Defence Secretary Ben Wallace said a “range of methods” including the use of personal protective equipment (PPE) and shields could allow people to be less than two metres apart for periods.
Business leaders said clarity is needed on issues such as PPE and whether firms can be held liable even if they fulfil their obligations to protect employees from coronavirus.
ï¸âï¸As @GOVUK prepares to outline its plans to gradually reopen the economy, our President, Baroness Ruby McGregor-Smith, says that "this is a time to be bold."— BCC (@britishchambers) May 3, 2020
Read our open letter to PM @BorisJohnson and our principles for restarting the economy 👇https://t.co/pJb8B72dtB pic.twitter.com/L73gLd1Jj5
Director-general of the British Chambers of Commerce Adam Marshall told BBC Radio 4’s Today programme: “They (bosses) will want to know that they’re not going to be held liable for horrible things that may unfortunately happen if they’ve done everything in their power to keep their people safe.”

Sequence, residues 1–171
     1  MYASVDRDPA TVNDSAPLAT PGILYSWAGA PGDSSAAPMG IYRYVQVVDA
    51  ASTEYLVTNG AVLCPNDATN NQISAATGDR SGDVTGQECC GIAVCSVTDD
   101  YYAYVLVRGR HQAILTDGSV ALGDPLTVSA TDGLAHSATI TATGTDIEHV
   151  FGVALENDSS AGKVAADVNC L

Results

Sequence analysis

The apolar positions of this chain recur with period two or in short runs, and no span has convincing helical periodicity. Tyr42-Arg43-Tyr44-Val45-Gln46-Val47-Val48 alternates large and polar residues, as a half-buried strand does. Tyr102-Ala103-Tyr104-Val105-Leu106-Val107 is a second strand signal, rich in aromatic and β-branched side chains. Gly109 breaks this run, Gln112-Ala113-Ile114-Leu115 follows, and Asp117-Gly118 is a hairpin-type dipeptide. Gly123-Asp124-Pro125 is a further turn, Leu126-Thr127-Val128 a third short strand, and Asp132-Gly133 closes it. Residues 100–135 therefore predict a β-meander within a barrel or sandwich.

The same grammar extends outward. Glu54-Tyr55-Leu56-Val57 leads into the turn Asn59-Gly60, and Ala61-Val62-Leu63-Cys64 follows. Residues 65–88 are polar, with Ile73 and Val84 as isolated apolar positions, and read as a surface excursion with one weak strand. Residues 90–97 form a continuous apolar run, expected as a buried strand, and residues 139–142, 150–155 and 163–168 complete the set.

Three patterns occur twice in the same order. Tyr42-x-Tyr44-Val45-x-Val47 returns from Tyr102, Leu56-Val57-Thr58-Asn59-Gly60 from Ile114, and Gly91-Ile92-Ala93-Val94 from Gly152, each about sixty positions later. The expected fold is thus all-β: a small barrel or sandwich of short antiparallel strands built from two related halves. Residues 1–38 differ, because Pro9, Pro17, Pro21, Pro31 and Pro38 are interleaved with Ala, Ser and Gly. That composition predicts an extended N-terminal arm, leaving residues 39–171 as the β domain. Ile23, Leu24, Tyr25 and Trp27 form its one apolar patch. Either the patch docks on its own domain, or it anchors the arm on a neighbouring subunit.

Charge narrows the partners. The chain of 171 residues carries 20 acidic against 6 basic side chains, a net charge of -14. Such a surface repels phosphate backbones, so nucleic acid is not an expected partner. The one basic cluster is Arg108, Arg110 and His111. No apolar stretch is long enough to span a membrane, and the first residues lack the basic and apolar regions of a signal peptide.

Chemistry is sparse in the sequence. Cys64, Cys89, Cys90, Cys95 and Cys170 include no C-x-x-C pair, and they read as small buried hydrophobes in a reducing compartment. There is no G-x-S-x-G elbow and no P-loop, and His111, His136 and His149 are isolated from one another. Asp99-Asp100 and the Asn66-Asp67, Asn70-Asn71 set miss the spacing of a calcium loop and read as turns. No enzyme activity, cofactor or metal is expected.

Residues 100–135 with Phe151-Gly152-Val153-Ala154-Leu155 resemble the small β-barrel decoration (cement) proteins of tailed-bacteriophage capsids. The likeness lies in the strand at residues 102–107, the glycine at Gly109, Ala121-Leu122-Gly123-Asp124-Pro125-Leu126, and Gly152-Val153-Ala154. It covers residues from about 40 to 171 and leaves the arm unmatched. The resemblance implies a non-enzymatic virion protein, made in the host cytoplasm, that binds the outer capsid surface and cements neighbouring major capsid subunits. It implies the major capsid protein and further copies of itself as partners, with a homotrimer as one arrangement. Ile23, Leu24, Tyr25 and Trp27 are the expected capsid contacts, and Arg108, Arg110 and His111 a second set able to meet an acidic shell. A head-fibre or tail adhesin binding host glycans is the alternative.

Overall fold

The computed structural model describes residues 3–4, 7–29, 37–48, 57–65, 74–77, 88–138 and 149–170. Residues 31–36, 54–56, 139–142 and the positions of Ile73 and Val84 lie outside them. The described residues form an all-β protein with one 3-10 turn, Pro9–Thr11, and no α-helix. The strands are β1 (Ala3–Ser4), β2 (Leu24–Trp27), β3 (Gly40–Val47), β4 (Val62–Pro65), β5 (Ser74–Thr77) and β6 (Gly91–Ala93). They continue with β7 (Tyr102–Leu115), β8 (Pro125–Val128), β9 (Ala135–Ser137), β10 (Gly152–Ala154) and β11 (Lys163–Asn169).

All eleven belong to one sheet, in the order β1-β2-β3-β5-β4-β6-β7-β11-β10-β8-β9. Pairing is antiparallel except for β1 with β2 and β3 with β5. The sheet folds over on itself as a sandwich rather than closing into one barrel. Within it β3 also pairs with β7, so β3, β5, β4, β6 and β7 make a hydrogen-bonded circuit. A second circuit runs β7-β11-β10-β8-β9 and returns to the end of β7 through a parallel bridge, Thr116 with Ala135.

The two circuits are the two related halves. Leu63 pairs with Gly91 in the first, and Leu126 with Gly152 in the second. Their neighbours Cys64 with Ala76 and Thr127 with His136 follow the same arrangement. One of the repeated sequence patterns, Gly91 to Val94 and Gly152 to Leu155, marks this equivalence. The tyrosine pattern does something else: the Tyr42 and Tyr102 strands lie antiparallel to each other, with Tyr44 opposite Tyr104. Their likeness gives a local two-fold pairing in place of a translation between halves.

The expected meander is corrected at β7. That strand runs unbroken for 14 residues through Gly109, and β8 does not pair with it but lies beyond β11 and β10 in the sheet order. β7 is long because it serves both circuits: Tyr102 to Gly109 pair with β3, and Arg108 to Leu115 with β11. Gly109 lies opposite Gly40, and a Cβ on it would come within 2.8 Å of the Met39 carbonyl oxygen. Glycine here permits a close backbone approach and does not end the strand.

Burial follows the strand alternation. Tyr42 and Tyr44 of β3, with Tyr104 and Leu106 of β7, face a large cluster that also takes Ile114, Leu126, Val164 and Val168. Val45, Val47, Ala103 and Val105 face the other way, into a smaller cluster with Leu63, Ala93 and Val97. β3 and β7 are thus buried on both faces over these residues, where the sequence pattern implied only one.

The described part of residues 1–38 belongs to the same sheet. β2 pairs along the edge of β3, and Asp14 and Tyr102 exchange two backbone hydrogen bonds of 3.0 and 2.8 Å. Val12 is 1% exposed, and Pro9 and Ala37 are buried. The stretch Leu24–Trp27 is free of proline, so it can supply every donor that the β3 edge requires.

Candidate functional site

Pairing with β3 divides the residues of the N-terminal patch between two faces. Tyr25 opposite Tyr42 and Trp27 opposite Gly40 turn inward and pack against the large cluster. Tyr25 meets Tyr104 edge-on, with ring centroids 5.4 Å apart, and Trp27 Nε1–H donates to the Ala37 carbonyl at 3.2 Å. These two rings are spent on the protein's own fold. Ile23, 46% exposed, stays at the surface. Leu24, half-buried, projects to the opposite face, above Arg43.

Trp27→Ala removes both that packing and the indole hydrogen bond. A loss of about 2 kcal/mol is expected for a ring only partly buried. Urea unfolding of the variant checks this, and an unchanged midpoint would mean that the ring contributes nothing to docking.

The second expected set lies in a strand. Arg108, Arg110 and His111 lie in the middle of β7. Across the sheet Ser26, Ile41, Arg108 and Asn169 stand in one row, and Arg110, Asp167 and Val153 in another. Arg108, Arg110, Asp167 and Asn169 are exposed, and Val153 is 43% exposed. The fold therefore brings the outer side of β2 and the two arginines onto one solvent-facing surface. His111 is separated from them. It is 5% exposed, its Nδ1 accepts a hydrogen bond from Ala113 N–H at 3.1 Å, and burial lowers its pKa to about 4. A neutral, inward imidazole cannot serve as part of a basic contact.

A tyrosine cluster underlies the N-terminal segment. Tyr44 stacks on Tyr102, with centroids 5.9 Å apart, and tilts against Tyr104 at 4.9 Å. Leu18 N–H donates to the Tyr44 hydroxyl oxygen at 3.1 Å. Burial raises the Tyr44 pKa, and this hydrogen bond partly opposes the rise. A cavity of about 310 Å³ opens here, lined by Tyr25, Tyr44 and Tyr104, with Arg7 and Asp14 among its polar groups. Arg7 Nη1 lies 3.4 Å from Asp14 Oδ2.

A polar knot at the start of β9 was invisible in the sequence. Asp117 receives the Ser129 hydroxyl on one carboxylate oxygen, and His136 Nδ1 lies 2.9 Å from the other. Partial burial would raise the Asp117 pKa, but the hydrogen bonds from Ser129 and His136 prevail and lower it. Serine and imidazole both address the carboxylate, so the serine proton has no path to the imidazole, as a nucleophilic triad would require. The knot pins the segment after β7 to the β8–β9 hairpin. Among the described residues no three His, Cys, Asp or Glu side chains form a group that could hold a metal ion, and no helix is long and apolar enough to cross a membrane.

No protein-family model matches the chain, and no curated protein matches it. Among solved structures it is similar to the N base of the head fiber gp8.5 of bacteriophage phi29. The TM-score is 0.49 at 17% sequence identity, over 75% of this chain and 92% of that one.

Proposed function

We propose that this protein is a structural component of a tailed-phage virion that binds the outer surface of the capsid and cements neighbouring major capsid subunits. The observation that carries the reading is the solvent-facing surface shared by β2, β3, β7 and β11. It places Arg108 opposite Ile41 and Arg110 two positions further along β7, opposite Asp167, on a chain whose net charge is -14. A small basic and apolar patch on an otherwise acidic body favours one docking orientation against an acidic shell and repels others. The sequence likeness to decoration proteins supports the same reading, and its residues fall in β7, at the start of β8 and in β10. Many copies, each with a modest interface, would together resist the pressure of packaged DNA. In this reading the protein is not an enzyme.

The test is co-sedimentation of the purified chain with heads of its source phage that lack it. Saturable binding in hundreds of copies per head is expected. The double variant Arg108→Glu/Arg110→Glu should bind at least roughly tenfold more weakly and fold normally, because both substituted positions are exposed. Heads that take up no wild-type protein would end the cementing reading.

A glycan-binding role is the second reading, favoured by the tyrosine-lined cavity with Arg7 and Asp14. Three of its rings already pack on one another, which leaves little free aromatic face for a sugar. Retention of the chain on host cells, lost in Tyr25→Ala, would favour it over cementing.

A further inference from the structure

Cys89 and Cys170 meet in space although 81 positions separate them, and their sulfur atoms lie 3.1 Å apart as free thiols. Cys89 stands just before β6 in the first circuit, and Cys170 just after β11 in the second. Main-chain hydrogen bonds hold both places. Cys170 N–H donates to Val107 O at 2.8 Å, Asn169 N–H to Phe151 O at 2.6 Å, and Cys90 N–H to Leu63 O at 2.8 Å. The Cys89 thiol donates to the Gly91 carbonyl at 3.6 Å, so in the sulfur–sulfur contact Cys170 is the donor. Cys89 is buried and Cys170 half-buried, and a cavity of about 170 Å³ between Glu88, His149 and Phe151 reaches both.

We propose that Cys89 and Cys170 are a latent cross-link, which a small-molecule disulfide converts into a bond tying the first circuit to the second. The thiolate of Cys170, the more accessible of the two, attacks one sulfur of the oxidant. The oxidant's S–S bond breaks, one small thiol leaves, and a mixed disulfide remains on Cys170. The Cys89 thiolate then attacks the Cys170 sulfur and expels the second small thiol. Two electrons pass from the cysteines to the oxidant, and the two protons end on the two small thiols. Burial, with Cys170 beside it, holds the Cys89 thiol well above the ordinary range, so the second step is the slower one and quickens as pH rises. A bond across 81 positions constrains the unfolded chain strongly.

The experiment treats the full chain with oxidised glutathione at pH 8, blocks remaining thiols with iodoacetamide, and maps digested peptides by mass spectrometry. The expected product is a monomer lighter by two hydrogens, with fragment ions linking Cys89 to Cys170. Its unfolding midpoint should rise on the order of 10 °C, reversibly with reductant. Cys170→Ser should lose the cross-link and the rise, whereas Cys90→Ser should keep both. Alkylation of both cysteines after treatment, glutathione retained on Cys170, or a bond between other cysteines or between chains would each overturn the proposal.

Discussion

In other developments:
– Mr Wallace said the Government has been “trying to source as many masks as possible” in case guidance for their use by the public changes
– Education Secretary Gavin Williamson announced a package of support worth almost £3 billion to help universities weather the coronavirus crisis
– Former Government chief scientific adviser Sir David King hosted a meeting of experts on Monday in response to concerns over the “lack of transparency” coming from the Sage group of Government advisers
Mr Johnson is expected to face Labour leader Sir Keir Starmer at Prime Minister’s Questions on Wednesday, having missed previous encounters due to his battle with coronavirus and the birth of his son, Wilfred.
The Prime Minister told The Sun he feared he might not live to meet Wilfred as doctors battled to control his Covid-19.
He said: “We’ve all got a lot to live for, a lot to do, and I won’t hide it from you, I was thinking about that, yes.”